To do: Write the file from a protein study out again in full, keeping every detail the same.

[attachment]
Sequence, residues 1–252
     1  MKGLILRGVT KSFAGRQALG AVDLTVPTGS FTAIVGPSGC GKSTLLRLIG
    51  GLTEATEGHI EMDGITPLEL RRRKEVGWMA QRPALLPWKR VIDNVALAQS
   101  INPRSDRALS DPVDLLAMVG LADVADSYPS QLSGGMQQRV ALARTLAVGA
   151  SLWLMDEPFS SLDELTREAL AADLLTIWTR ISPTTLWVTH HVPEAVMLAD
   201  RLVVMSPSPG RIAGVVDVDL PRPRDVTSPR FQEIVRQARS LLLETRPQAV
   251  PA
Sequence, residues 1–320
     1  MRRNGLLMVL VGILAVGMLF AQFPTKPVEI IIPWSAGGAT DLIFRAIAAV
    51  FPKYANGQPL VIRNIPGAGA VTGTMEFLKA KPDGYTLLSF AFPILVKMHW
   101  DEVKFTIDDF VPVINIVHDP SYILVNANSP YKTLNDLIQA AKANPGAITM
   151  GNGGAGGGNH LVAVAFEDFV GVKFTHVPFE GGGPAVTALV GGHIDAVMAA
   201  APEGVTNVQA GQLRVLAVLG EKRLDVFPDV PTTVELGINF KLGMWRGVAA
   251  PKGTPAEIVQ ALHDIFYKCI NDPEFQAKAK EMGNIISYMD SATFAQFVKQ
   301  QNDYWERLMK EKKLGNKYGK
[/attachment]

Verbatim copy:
Sequence, residues 1–252
     1  MKGLILRGVT KSFAGRQALG AVDLTVPTGS FTAIVGPSGC GKSTLLRLIG
    51  GLTEATEGHI EMDGITPLEL RRRKEVGWMA QRPALLPWKR VIDNVALAQS
   101  INPRSDRALS DPVDLLAMVG LADVADSYPS QLSGGMQQRV ALARTLAVGA
   151  SLWLMDEPFS SLDELTREAL AADLLTIWTR ISPTTLWVTH HVPEAVMLAD
   201  RLVVMSPSPG RIAGVVDVDL PRPRDVTSPR FQEIVRQARS LLLETRPQAV
   251  PA
Sequence, residues 1–320
     1  MRRNGLLMVL VGILAVGMLF AQFPTKPVEI IIPWSAGGAT DLIFRAIAAV
    51  FPKYANGQPL VIRNIPGAGA VTGTMEFLKA KPDGYTLLSF AFPILVKMHW
   101  DEVKFTIDDF VPVINIVHDP SYILVNANSP YKTLNDLIQA AKANPGAITM
   151  GNGGAGGGNH LVAVAFEDFV GVKFTHVPFE GGGPAVTALV GGHIDAVMAA
   201  APEGVTNVQA GQLRVLAVLG EKRLDVFPDV PTTVELGINF KLGMWRGVAA
   251  PKGTPAEIVQ ALHDIFYKCI NDPEFQAKAK EMGNIISYMD SATFAQFVKQ
   301  QNDYWERLMK EKKLGNKYGK